Remember then, when people come, kicking the sky down from overhead, normal is not a destination, it is a stream of thought, trapped between grocery lists and restaurant recipes. It is the brain chirping "yellow car" for the umteenth time, just because it can. Especially if present in a country known to have a regular dose of yellow vehicles for reasons still unknown.

What thoughts pass by on the rocky roads, rolling, won't fit into the cutout squares where peat moss sat for billions of years. No, its more likely these thoughts will wash downstream with the pins and coins, the bones and toys of days long past which melted deep into the earth as it grew and died, grew and died, over and over. Cementing the brains of humanity into the very earth itself.

Sink deeper now, into the sheets of dreamland.

Don't live normal. Live your story.

Thursday, 23 April 2015

Live Imagination: An Event

Duh, duh, duh, duh duh duh, duh, duh.

Alright, so translating music into onomatopoeic words doesn't work well so here's an idea of what's got me humming today.

If you clicked the link and listened, you'll noticed it's from the 25th Anniversary Symphony from 5 years ago and the event which got me humming this epic theme tune again was the more recent run called the Symphony of the Goddesses which is basically a slightly updated version since the original run was so popular.

A view from in between during some pre-concert videos.

The lights dim, the cacophany of strings, brass and woodwinds tuning fills the air, smelling of anticipation. Murmurs and mutterings grow and then fall, suddenly as cymbals crash and the violins throw us into the world with a series of sixteenth notes.

We gallop through the plains of Hyrule on the back of Epona, we leap over rivers, walls and cliffs, we face down enemies and dark lords, traverse deadly dungeons and face puzzling trials.

A cheer rises around me. Audience appreciation was encouraged, this, may I remind you, is not a regular orchestral concert. This is a celebration.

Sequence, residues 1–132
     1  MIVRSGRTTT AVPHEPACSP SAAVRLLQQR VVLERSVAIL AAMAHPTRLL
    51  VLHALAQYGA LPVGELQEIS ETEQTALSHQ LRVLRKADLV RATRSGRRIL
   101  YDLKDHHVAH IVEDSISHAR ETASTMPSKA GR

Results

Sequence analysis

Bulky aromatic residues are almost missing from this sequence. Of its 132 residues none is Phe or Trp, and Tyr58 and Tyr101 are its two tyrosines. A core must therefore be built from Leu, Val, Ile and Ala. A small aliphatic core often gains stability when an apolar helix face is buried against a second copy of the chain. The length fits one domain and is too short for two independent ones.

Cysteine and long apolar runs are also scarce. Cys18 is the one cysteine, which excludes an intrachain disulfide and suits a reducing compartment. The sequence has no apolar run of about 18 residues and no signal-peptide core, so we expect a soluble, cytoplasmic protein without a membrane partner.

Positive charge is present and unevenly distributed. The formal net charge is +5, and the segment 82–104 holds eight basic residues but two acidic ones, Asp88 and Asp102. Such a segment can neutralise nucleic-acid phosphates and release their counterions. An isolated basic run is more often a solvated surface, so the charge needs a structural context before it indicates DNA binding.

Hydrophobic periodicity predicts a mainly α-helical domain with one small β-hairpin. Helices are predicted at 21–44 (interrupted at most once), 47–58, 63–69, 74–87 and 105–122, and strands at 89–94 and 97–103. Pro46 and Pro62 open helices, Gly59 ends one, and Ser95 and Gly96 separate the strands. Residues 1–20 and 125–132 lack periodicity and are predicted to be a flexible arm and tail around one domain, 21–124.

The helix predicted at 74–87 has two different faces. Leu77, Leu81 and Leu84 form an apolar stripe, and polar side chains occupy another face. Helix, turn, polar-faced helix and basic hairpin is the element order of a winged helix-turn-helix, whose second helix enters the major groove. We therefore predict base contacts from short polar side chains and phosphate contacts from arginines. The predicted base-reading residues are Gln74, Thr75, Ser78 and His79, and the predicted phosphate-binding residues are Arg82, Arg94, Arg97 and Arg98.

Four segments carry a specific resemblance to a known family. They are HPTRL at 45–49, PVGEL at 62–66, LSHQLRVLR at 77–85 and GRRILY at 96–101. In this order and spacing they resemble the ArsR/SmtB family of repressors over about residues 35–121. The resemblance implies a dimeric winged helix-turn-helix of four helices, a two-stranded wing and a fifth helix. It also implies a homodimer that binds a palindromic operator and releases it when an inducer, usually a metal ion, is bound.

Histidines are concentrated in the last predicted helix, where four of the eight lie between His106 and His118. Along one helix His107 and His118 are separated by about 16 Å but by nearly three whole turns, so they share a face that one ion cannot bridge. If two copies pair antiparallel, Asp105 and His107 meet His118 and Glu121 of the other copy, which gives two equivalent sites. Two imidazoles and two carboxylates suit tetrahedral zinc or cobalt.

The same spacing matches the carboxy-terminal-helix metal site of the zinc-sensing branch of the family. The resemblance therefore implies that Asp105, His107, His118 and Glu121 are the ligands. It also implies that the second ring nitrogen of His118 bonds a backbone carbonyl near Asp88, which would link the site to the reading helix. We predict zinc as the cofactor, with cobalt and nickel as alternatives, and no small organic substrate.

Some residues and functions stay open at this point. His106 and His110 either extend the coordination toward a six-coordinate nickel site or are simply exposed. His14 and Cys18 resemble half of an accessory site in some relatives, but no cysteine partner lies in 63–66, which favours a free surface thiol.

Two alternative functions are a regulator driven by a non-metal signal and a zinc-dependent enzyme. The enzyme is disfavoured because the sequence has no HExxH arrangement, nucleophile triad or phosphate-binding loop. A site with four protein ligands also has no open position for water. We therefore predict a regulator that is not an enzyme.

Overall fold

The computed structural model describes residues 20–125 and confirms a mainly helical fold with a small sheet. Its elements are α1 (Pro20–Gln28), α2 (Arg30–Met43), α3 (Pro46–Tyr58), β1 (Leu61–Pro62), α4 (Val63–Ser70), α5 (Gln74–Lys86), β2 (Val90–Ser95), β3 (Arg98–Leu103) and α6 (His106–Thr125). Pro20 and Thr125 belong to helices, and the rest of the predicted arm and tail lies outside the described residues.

A celebration of a series of stories in a complex world which we, the audience, have all connected to in some form or fashion.

The Legend of Zelda: Symphony of the Goddesses at SSE Wembley in London, United Kingdom, has begun.

For 2 full hours I sit in rapt attention. Squeaking, cheering, whispering "yes!" or "love this bit!" or "I remember that!" as the music flies and a projector screen plays scenes from the games which match with the music. All in all, I am the epitome of the exciteable and adorable fan (according to my companion who has had the tragic misfortune, in my mind, of never playing a single Zelda game...yet).

Said companion has been used as a experimental subject in regards to why everyone should attend a fan-related concert.

As someone who has played nearly every Zelda game in existence, apart from any spin-offs, anniversary editions or remakes, I am with Link (the main character) for every flute twirl and trumpet salute; for every slash, dodge and dive that brings back the intense memories of the hours it took to conquer a particular dungeon or the frustration at a particular boss or the terror as the scenery turned to a shadowy underworld with an equally disturbing soundtrack (a particular dungeon I was never able complete unless the light was on and I knew someone else was nearby).

This experience is a unique one. Though they are growing in popularity thanks to the ever-closing gap between "mainstream" and "geek" (in terms of overall acceptance of the validity to celebrate, and be passionate about, such things).

So, why should you go to a concert for film, game, or tv music?